Beachum stops at the Bi Lo to get his latest prescription filled. While he’s waiting he looks for something to kill the cat, some kind of poison. He looks up and down the aisles. It appears that grocery stores do not carry poison anymore.
“Where would I find the poison?” he asks the pharmacist
“What kind of poison are you looking for?” asks the pharmacist. He acts as if the mere contemplation of such a question has given him indigestion.
“Something that will kill a cat.”
The pharmacist sighs. “There are many things that will kill a cat,” he says stapling a sheaf of instructions and disclaimers six inches thick to the bag containing Beachum’s prescription that no one, least of all old Beachum, will ever read.
“Can you recommend something?”
The pharmacist shakes his head sadly. “No,” he says.
I first saw the sculpture about a month ago, walking to the Cumberland Farms with Matt to get beer and some papers. It was shimmering under the late day’s sun in the back of a fenced-in yard. Even from a distance, I could see the long spindly legs of the black metal spider clinging to the delicate netting of its web, waiting for prey. I was mesmerized.
Acton had never spent much time contemplating writer’s block. This had everything to do with the fact that he had never previously found himself its victim. Perhaps everything is too strong a word. Acton had no trouble considering the ins and outs of things and events he had no personal experience with—although these things and events necessarily carried with them some intellectual element that sparked his curiosity in the first place. Writer’s block, as an idea, had never presented such an element to command his attention, and on top of that, it seemed too cliché a notion to even deserve it. Nevertheless, the prejudice of abstraction doesn’t always hold up under the weight of actual experience, and he now found writer’s block to be a fascinating object of examination.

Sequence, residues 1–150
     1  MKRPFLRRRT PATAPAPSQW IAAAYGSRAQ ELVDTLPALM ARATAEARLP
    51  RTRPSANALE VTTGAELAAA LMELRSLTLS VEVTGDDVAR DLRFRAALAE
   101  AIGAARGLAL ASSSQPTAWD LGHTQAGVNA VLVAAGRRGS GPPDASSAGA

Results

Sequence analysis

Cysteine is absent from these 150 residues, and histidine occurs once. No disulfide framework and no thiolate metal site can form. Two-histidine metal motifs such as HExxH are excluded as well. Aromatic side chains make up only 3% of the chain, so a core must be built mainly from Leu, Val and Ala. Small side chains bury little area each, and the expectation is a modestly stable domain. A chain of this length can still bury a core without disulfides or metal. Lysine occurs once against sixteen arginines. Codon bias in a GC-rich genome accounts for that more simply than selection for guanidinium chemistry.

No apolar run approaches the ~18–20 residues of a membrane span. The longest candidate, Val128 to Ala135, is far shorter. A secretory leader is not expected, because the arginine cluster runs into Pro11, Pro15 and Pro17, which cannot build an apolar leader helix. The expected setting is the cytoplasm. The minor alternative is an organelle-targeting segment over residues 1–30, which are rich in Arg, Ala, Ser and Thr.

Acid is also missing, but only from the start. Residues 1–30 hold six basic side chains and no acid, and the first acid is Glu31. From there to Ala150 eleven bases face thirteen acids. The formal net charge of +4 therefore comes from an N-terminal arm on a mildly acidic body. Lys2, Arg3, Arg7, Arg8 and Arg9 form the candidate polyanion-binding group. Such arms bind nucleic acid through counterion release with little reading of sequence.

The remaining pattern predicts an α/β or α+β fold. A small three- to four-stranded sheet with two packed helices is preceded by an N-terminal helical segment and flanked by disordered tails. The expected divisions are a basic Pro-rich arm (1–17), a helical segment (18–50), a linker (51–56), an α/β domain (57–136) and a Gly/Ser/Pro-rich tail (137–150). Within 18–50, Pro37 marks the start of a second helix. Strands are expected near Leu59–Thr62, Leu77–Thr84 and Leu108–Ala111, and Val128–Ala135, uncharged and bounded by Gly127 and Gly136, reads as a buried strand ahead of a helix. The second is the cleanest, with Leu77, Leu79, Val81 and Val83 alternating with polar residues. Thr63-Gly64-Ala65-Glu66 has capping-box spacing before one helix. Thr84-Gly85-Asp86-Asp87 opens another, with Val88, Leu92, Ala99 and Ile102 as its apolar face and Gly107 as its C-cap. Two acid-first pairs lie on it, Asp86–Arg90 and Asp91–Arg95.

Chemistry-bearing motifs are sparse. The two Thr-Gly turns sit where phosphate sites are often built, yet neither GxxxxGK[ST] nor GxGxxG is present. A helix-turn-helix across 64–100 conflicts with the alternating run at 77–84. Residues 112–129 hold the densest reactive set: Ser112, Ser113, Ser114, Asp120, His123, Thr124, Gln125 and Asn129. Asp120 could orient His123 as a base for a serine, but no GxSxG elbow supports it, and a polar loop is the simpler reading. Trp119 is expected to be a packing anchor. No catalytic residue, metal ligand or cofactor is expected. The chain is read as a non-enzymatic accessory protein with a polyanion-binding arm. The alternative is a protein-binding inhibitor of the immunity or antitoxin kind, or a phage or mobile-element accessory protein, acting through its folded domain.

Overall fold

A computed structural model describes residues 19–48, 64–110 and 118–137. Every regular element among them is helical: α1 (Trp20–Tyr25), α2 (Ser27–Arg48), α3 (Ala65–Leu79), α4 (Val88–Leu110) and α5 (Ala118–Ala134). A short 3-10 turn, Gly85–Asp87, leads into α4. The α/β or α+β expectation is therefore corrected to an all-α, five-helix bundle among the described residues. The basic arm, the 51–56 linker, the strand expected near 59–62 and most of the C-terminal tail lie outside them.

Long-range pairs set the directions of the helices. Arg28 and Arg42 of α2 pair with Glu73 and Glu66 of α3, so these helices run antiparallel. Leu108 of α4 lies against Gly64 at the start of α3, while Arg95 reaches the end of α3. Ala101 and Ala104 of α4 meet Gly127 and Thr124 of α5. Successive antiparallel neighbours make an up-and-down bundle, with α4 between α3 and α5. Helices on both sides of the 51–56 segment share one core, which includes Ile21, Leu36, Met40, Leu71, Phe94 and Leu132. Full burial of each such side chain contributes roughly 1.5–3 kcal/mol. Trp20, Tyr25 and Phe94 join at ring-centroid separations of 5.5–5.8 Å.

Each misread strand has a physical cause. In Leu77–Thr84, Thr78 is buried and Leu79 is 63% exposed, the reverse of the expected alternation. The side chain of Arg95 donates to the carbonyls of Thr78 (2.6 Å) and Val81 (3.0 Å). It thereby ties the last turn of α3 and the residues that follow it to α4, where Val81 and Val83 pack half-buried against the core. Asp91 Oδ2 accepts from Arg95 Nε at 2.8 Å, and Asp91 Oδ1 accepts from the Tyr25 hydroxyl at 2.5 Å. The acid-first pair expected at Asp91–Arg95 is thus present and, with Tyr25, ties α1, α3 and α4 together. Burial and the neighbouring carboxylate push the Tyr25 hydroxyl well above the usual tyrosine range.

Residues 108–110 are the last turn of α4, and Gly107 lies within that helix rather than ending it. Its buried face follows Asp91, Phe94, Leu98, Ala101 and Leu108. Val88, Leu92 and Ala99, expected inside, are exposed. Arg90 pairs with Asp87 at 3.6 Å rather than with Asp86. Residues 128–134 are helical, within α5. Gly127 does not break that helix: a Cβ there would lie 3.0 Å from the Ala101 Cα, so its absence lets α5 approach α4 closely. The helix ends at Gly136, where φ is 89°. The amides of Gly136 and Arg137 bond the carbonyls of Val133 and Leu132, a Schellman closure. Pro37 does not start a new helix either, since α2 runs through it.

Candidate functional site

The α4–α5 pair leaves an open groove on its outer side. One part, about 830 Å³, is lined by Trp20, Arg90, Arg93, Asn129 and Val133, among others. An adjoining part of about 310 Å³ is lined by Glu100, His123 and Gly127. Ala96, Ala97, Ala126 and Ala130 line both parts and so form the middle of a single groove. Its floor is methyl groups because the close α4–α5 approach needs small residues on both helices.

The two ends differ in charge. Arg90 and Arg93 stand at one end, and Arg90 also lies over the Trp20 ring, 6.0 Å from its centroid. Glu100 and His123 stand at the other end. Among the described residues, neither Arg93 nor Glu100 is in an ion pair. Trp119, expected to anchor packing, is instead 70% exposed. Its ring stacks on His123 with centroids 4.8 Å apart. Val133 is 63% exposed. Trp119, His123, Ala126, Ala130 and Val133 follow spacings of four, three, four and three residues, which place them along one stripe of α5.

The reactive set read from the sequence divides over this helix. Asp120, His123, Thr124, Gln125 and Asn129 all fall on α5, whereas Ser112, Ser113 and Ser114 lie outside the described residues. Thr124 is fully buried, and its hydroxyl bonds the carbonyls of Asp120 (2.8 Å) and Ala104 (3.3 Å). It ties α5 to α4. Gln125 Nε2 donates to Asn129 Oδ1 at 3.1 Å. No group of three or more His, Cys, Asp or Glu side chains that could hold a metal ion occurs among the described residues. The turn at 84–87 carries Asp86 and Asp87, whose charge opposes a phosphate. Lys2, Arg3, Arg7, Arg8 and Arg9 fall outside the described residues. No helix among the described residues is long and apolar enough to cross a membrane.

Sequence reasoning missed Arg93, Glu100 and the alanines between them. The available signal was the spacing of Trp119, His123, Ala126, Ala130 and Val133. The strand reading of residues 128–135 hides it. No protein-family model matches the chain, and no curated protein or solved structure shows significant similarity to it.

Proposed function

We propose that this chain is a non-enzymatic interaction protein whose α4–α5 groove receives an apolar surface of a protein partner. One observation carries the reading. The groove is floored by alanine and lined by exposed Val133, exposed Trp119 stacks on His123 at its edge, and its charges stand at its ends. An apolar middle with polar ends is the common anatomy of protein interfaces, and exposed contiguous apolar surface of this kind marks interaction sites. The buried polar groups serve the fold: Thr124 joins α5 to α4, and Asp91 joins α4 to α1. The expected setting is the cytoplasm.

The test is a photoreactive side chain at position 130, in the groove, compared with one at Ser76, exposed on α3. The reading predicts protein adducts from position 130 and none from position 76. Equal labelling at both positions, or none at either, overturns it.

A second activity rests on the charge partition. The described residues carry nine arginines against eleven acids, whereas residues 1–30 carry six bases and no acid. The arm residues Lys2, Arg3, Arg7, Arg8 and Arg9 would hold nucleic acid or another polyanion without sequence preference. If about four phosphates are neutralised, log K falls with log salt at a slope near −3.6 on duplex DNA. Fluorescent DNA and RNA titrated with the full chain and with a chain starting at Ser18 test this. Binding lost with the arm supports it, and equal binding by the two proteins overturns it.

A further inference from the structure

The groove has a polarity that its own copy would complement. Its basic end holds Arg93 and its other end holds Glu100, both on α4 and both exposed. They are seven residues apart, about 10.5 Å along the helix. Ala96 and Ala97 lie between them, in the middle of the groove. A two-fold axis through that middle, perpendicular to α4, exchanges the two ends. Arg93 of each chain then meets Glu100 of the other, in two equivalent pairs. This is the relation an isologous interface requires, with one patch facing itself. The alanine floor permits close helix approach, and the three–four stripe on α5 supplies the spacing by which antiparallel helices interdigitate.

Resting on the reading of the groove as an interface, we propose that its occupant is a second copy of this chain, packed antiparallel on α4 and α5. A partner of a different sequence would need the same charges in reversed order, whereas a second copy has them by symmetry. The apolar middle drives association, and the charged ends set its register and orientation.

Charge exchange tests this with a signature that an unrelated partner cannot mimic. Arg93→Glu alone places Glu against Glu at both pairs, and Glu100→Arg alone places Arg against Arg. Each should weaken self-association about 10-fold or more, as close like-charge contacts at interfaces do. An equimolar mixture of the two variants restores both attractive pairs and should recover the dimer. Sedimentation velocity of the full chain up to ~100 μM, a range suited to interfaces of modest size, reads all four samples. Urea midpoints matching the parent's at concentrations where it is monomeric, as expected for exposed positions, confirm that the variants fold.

Acton was at his desk, unable to write.
I take the skins of the women my lover loved. I flesh them until they are paper thin. They are folded stacked in a box at the back of my closet. The box is cherry wood and the lock is made of gold. I know it should be silver, because silver contains powerful magic, and sometimes I hear the skins shifting and whispering to each other.
Think what you want.
He left me no choice.
We are now at week 208. How time flies when you are having fun. I suppose it depends on the fun. If it is backwards time travel, would that phrase still be relevant? I watched ‘The Inglorious Bastards’ the other day. Wasn’t Rod Taylor a handsome man? I mean in ‘The Birds’ and not as an Australian Churchill.
Brianna Jones was good at running. She attributed it to her nervousness, a fearful quality present since before she could remember. It was easy to grow up scared in her household. It was always loud, and not a warm, hearty, people-at-a-Thanksgiving-party loud. It was an angry-shouting, glass-shattering, door-slamming-in-the-background loud.
He wasn’t the guy we expected, that’s for sure. He looked like he’d never worked a day in his life.
“The idea is to make everyone fall in love with you, understood?”
“Easy enough,” he said. Cocky bastard.
They had clothes and stylists galore waiting for him. He ignored most of what they told him as if he knew better. Maybe he did. Charisma is a very indefinable quality.
The first time he walked out of the back and I got a good look at him, I was floored. He was drop-dead gorgeous. I nearly forgot what the hell we were there for.